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On the Brink: Coronavirus seen from Italy

March 16, 2020

Cultura, English, Interventi, Politica

(Travelers are screened at the airport in Bologna) –

by Andrew Spannaus -

Three weeks have passed since the first restrictions were announced in Northern Italy to combat the spread of the novel coronavirus; three weeks in which things have gotten much worse, quickly, making Italy the second hardest-hit country in the world at this point.

As of March 16, almost 28,000 people were known to be infected and over 2,000 deaths were attributed to COVID-19. The numbers have shot up over the past week, although cases are still low in many areas of the country, and the initial centers of the infection — a few small towns about 40 miles southeast of the metropolis of Milan — have seen almost no new cases in the last few days.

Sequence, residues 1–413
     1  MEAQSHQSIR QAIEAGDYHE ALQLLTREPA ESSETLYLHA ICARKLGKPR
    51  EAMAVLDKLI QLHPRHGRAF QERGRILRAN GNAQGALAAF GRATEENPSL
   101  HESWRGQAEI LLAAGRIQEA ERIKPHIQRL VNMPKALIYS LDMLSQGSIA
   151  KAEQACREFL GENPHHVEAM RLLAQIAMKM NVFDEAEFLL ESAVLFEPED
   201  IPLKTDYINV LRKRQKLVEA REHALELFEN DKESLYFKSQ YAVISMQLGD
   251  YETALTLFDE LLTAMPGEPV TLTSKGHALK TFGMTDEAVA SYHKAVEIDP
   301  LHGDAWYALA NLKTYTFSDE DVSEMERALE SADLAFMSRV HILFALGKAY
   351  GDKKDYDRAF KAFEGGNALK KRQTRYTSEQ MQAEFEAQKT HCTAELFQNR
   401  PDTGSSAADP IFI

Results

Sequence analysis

The whole country is now on a sort of lockdown: schools and churches are closed, as are restaurants, bars, and all other retailers except for food stores, pharmacies, and a few other “necessary” shops. Yet numerous companies remain open, so while remote work is encouraged as much as possible, many still go to work; and public transportation is still running. So “social distancing” here is not yet as severe as in Wuhan, the initial source of the outbreak in China.

Indeed, in addition to food shopping, people go out for walks or exercise, although police are now driving around telling everyone to “stay home,” the basic message transmitted at all levels of the institutions now.

From Reluctance to Rationing

Read the full article on Consortium News

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